Pubdate: Thu, 23 Apr 2009
Source: Athens Banner-Herald (GA)
Copyright: 2009 Athens Newspapers Inc
Author: Dan Bernath


There's a very simple reason why we should oppose drug-testing our
children: It doesn't work (Story, "Oconee school board may widen drug-
test policy," Tuesday).

The largest study of student drug testing ever - a National Institute
on Drug Abuse-funded survey of 76,000 students in 2003 - found no
difference in drug use rates for students subject to drug tests and
those who aren't.

The lead study author, Dr. Lloyd Johnston of the University of
Michigan, concluded, "(T)here really isn't an impact from drug testing
as practiced. ... I don't think it brings about any constructive
changes in (students') attitudes about drugs or their belief in the
dangers associated with using them."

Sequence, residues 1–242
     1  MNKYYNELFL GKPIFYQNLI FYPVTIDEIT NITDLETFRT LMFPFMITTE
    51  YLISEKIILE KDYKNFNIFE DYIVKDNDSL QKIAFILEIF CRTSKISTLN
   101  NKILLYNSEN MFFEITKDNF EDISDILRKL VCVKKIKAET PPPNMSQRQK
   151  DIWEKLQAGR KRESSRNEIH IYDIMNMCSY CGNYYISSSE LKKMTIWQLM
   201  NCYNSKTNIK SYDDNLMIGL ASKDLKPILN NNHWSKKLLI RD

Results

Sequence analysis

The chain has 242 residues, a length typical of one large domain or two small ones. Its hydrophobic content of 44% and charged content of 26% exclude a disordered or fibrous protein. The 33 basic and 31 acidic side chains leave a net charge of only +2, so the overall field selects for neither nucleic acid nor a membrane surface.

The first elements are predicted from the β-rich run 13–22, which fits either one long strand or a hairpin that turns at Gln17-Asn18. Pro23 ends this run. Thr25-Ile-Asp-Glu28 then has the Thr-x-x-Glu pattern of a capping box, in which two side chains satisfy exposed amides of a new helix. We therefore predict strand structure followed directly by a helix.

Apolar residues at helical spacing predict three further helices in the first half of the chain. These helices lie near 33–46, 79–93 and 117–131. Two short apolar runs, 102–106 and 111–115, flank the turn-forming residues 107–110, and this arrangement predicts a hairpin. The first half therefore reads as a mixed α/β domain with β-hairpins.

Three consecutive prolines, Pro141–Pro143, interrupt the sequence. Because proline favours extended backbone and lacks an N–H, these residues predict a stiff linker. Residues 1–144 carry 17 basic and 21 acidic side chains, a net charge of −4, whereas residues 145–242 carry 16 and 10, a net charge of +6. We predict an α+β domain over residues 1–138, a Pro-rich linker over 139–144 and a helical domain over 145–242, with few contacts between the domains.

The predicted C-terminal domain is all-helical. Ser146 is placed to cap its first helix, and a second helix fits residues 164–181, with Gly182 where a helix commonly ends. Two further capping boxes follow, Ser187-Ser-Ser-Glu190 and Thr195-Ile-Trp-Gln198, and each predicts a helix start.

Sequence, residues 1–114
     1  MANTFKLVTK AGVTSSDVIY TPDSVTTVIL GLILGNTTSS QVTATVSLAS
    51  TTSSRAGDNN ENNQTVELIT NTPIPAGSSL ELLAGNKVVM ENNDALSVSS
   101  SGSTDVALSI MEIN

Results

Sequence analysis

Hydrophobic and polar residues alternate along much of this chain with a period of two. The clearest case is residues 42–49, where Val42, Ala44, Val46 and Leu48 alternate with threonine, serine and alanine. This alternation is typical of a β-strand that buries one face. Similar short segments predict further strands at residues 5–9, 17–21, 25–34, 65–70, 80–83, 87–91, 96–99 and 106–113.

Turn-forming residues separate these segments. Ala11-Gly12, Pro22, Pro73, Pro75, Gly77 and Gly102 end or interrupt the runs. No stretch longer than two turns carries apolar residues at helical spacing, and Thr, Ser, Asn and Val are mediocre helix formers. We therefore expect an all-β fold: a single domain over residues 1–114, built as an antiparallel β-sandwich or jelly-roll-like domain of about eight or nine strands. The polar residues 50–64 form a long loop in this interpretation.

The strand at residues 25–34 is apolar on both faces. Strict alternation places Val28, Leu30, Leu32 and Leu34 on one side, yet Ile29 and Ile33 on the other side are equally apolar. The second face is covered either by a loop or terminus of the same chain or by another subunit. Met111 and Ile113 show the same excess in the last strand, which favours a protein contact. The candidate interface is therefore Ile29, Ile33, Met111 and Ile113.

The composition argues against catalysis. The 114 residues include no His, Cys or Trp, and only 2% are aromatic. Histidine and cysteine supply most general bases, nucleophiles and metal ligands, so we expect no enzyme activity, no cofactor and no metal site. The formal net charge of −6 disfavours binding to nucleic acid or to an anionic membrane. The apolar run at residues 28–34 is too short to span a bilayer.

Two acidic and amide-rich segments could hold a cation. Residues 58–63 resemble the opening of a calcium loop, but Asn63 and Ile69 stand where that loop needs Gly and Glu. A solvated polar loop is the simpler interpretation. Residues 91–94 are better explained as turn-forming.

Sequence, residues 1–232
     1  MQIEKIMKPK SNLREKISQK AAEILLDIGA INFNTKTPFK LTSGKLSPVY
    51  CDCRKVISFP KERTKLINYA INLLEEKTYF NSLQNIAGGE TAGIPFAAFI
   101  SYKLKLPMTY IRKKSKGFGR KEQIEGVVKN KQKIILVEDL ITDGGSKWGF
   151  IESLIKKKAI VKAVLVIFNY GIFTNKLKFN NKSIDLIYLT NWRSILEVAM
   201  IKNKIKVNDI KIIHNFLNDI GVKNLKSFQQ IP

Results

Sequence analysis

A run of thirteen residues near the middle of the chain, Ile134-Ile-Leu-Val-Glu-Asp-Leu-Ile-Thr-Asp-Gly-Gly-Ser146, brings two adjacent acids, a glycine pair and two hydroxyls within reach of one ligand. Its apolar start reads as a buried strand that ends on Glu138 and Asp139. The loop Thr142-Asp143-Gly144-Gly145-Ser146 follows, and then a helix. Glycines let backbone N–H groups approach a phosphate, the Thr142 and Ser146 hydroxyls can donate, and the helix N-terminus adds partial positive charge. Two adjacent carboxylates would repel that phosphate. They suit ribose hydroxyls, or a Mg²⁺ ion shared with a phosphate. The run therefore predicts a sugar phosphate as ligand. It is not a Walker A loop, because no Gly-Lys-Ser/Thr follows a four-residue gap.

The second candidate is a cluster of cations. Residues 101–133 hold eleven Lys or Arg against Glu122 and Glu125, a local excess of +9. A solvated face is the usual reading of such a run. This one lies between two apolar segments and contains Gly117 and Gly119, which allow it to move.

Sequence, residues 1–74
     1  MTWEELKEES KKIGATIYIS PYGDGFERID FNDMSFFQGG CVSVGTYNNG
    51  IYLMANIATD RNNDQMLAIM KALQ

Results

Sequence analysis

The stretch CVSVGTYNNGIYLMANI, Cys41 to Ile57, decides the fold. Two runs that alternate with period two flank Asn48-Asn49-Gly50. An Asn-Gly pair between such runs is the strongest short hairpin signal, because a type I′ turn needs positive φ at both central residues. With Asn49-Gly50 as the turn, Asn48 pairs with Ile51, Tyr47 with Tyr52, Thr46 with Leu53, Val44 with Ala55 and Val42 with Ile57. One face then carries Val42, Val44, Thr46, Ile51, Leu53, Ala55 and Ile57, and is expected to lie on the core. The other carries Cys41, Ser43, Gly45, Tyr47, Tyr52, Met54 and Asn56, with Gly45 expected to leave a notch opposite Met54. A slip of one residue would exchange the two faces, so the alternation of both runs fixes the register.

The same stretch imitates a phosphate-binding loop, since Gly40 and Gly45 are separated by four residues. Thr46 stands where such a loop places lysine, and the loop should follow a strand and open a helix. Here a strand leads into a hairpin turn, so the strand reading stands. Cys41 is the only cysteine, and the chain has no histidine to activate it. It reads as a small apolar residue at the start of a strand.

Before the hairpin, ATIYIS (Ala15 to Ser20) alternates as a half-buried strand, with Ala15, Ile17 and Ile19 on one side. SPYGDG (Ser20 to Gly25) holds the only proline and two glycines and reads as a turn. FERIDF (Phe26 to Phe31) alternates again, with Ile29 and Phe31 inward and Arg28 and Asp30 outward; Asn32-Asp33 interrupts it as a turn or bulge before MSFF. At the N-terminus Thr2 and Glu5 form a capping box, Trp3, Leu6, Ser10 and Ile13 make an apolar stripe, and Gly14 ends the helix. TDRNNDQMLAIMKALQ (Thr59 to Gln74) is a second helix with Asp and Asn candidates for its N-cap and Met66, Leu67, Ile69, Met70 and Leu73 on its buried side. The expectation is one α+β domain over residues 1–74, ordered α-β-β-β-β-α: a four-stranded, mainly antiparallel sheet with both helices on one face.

But drug-testing students isn't just ineffective; it's
counterproductive. Students quickly learn that some drugs - marijuana,
for example - are easier to detect than others. This means children
are actually encouraged to use far more dangerous drugs, such as
methamphetamine and narcotic prescription drugs.

Even worse, students who do get ensnared by drug tests are normally
punished by being barred from extracurricular activities. While drug
testing doesn't work, we do know that children who are involved in
school activities are less likely to use drugs than those who aren't.
The last thing we need is a program that denies children at risk of
drug abuse access to the very activities that might help them.

Dan Bernath

Dan Bernath is assistant director of communications for the
Washington, D.C.-based Marijuana Policy Project, which works to
increase public support for nonpunitive, noncoercive marijuana policies.
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